R v3.2.2 was performing data preprocessing. We used Robust Multichip Average (RMA) algorithm in oligo package (Carvalho & Irizarry, 2010) to normalize the raw expression data and generate normalized gene expression intensity of GSE22255. Because the GSE16561 dataset provided a RMA normalized gene expression matrix (Barr et al., 2010a), therefore, we download the matrix in NCBI-GEO. Gene annotation, integration and renormalization of the two datasets were carried out using custom written Python code (Supplemental Information 1). We have removed probes that had no gene annotation or that matched multiple gene symbols. Next, we calculated the average expression value of multiple probe IDs that matched to an official gene symbol, and took this value to represent the expression intensity of the corresponding gene symbol. The renormalization method was reported in our previous publication (Li et al., 2016). The distributions of RMA processed and global renormalized gene expression values in two studies were showed in Fig. S1.

Differential expression analysis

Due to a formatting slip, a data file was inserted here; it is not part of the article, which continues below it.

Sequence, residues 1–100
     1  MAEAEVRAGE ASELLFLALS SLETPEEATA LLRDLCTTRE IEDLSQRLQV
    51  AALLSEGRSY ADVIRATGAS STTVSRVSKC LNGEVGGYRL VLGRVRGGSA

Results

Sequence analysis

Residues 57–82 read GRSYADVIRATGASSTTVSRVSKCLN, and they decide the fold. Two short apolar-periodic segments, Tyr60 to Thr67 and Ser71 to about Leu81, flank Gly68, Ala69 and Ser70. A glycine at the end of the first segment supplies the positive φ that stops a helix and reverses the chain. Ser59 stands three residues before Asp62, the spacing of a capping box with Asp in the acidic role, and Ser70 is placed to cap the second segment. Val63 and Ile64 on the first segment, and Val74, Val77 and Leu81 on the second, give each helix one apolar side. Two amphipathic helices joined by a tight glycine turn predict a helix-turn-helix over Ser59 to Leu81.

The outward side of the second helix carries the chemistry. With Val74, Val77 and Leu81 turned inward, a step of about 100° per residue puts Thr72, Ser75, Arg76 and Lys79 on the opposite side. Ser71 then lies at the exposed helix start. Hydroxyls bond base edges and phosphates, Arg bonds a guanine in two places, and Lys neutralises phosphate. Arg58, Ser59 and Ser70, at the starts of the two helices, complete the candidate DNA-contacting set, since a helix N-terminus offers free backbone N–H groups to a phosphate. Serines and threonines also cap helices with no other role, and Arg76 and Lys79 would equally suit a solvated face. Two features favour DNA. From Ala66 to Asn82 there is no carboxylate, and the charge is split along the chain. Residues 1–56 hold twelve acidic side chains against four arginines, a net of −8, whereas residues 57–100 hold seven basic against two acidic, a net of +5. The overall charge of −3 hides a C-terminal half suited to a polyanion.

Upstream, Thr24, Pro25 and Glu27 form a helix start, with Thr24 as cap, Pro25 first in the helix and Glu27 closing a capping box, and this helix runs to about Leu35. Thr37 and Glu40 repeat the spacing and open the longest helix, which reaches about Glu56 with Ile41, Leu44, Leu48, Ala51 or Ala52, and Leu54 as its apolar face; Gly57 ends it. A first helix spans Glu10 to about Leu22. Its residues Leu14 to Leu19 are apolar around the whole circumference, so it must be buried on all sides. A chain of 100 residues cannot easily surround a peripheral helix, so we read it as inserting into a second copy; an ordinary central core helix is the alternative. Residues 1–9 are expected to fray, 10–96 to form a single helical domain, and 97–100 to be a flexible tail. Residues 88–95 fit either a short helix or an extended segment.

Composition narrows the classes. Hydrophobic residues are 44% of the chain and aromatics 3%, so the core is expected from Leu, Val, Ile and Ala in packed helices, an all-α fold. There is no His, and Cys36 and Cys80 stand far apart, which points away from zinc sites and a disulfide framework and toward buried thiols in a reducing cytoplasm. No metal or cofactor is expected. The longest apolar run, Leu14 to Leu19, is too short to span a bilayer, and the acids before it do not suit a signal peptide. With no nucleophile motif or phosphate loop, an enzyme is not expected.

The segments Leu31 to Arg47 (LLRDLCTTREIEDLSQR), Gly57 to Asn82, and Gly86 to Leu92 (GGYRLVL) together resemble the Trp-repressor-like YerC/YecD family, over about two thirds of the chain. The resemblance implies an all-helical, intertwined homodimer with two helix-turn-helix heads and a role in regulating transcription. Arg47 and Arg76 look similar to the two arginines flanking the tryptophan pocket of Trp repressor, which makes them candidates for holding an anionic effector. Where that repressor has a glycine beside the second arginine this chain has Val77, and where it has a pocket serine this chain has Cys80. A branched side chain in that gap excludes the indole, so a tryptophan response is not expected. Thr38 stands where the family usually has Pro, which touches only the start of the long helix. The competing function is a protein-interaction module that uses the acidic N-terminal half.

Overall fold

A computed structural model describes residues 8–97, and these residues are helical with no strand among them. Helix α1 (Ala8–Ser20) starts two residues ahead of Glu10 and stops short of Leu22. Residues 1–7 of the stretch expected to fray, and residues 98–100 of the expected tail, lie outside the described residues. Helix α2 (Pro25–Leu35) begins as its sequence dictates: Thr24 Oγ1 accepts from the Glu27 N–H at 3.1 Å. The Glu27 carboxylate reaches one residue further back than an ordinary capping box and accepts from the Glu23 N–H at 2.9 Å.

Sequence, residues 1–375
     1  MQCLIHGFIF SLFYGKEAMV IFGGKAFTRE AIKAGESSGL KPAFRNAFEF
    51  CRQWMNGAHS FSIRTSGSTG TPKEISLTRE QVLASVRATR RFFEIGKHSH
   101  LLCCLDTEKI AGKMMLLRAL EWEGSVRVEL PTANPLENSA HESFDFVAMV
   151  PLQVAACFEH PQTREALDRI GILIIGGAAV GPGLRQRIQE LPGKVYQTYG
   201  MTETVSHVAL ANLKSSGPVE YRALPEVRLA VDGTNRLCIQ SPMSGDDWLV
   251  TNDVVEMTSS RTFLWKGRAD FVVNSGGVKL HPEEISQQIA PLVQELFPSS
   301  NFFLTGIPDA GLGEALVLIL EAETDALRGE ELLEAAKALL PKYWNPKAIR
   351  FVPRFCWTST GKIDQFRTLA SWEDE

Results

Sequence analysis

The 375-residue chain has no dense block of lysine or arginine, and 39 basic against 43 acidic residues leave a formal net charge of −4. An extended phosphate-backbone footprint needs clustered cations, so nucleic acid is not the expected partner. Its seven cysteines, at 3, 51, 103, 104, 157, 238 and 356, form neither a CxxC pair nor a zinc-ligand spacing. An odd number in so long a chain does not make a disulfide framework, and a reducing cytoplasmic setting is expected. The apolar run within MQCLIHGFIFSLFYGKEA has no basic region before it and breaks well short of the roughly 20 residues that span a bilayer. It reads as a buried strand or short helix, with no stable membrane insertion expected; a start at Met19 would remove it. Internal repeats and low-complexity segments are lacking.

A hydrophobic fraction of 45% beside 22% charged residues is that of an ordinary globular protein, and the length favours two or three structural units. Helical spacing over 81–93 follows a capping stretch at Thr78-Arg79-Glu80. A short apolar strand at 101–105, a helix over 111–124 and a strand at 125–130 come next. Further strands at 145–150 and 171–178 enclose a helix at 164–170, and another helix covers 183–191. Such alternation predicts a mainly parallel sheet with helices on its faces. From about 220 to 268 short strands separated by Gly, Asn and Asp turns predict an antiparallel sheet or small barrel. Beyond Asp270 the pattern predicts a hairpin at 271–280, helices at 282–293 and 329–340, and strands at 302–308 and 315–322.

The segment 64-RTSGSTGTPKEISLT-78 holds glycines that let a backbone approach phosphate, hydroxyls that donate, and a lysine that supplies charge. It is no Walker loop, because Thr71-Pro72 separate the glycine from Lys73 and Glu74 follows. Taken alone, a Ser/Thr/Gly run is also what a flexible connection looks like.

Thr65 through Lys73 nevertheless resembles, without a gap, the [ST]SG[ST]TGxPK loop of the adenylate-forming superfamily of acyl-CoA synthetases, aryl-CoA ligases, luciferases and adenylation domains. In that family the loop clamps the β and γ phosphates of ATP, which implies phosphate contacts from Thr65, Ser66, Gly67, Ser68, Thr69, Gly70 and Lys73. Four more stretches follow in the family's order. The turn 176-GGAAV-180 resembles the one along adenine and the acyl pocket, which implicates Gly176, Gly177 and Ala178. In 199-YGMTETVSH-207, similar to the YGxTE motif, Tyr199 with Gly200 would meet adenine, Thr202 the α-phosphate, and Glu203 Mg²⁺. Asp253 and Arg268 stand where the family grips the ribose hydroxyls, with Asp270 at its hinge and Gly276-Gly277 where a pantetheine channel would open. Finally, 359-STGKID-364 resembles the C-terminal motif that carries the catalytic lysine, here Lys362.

Differential expression genes analysis was using limma package (Ritchie et al., 2015) in R v3.2.2. The empirical Bayes algorithm (function “eBayes”) was used to detect differentially expressed genes between ischemic stroke patients and controls. Differentially expressed genes were defined as the absolute value of logarithmic transformed fold-change (log(FC)) ≥ log2(1.5) and a P value ≤ 0.05. Up- and down-regulated genes were considered as log(FC) ≥ log2(1.5) and log(FC) ≤ log2(1.5), respectively. Differentially expressed genes in male, female, old and young group were calculated as male patients vs. male controls, female patients vs. female controls, old patients vs. old controls and young patients vs. young controls. In order to verify the sex and age differences of gene expression profiles in ischemic stroke were not merely related to male vs. female or age changes in gene expression, we calculated the genes that differentially expressed in males vs. females and olds vs. youngs in total group. To explain the sex and age difference in ischemic stroke, we used Venn diagram to show the number of differentially expressed genes in male vs. female, old vs. young and each cases-controls groups. And we also used the Venn diagram to show the number of up- and down-regulated genes in male and female group, and old and young group.